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Solving the Ross pivot problem: How Ross could have moved that sofa upstairs

By Airtasker

Published: October 21st, 2021

25 years later, we're still trying to figure out how to help Ross pivot the d*mn sofa!

Most of us can relate to this iconic Friends episode. Go ahead and watch, we’ll wait!

Stairs are hard when it comes to moving. In Ross’s case, he could have gotten the sofa up the stairs, if he just did a little bit of advanced physics before he started. You know, like we all do.

Dr. Caroline Zunker, a mathematician, came up with an equation explaining exactly what Ross should have done to move the new sofa into his New York City apartment.

Dr. Zunkel said,

“By applying Pythagoras’ theorem to the estimated measurements of Ross’s sofa in a vertical position and dimensions of the stairwell, I was able to establish that it would have been possible for Ross to get the sofa up the stairwell and into the flat without resorting to the extreme measure of chopping it in half. It’s quite simple really!”

While Ross focused on the pivot, the researcher suggest he should have factored in tilt.

The equation that would have solved the Ross pivot situation

Angle of vertical tilt (T) = 44.15064 -11.94274xWS (Width of the Stairwell) + 8.69119xWC (Width of the Couch) + 3.65961xLC (Length of the Couch)

Step 1: Ross should have measured the width of the stairs (WS), and the width (WC) and length (LC) of the couch.

Step 2: Ross should have used the equation to find out the minimum tilt angle (T) for him and his friends to tilt the couch upwards and around the 90-degree corner of the stairwell.

Step 3: After carrying the couch to the corner Ross, Rachel and Chandler reach a point where they can’t move anymore. When this happens they should have rested the couch against the corner.

Step 4: Here, the Friends should have tilted the couch vertically towards the ceiling until the angle between the stairs and the base of the couch was greater than or equal to T. At this point, the vertical length of the couch would be smaller than the horizontal length and they should have been able to successfully pivot the couch around the corner without getting it stuck and trapping Chandler against the wall.

Step 5: Once around the corner Ross, Rachel and Chandler should have moved the couch back to its original orientation and then carried it up to the apartment.

See, EASY!
When you need to use Pythagoras’ theorem to get furniture up the stairs, you might need to reconsider your purchase. However, most people at some point in their life have to figure out moving furniture up and downstairs. We’ve compiled a list of moving tips so that if you’re going it alone, you can know how to PIVAAAT correctly.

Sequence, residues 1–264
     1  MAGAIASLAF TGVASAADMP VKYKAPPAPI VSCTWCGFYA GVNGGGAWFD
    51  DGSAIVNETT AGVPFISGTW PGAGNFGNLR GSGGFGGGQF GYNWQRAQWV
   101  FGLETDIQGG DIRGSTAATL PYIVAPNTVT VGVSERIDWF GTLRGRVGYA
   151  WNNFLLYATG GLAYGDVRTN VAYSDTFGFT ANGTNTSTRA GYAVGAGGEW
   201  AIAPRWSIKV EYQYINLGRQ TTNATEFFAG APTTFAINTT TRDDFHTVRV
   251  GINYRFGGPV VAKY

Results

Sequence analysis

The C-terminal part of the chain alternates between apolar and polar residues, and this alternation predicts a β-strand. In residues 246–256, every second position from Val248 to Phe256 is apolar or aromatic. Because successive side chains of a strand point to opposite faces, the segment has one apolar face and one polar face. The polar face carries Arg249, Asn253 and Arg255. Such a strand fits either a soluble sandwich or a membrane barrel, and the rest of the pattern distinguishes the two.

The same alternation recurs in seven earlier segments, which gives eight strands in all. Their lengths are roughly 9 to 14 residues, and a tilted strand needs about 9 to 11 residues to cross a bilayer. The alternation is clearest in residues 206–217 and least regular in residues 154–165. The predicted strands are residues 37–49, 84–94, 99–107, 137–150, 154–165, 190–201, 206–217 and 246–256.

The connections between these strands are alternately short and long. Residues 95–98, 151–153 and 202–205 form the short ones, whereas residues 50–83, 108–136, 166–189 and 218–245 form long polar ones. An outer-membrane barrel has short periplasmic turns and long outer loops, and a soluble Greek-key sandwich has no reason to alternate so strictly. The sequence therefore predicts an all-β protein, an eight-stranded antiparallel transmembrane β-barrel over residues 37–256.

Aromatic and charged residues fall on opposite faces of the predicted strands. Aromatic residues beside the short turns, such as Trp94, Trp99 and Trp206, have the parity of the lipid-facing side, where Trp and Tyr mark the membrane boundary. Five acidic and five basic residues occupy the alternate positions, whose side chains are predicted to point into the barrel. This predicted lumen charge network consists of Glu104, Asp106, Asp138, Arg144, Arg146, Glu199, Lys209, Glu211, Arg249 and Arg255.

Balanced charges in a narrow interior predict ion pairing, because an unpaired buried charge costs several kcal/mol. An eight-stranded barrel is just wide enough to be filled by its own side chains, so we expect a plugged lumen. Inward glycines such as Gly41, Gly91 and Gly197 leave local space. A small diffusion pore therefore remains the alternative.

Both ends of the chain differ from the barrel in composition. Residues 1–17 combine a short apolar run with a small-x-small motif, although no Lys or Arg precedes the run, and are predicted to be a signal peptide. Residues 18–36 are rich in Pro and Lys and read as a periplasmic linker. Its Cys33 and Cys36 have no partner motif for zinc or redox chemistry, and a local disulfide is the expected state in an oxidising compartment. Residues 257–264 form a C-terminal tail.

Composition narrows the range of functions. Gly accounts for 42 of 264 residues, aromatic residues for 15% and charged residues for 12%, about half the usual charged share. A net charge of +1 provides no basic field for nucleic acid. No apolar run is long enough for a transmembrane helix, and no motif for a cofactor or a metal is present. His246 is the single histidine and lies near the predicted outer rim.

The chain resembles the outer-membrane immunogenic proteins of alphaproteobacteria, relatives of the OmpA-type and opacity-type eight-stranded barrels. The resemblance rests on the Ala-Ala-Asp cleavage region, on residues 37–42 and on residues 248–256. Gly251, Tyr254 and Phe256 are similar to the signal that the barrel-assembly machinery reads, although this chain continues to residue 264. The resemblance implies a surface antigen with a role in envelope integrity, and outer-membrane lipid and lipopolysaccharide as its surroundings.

How to move furniture up or downstairs

Source: Zaarly blog

1. This is not a solo activity

While there are a few that might be able to move a sofa or other heavy furniture up/downstairs on their own, we don’t suggest it (unless you are The Rock). The more people, the easier moving a sofa is going to be and the less likely that you will damage your furniture, walls, and your spine.

2. Protect your furniture

Before you attempt to move your furniture, you’ll want to protect it. There are a few things we recommend in order to protect your furniture, including moving blankets, plastic wrap, pads, tape, and bubble wrap. If you have other types of furniture that need to be moved, you will end up using all of the above more than likely, so stock up! 

3. Take apart what you can

Moving furniture up or downstairs presents a few challenges, especially those big and bulky pieces. Before you wrap up your furniture to protect it, see what comes off or comes apart. Backs can often be removed from recliners, and the feet of couches almost always come off. There are even ways to cut and fold a box spring in half!

4. Try the high and low technique

The most common strategy for getting furniture up and downstairs is the high-low technique. This method definitely requires two people, even if you are The Rock. Start with the furniture sitting upright, begin to tilt the furniture back onto the first person. This lucky friend will hold the furniture from the top while the second person “catches” the bottom and lifts from there. This makes moving your furniture up or downstairs easier, more stable, and generally easier to get through tighter spaces or staircases.

5. Moving straps

With heavy furniture, having a few tools to help will help a lot. While a dolly won’t do you any good moving furniture up or down staircases, moving straps can help! Moving straps will help you lift heavier or non-traditional shaped furniture while taking some of the strain off your back.

If you’ve got a move coming up and you’d rather leave the math equations and sofa-catching to professionals, look no more, we have local movers and Taskers who can help!

Sign up at Airtasker today!



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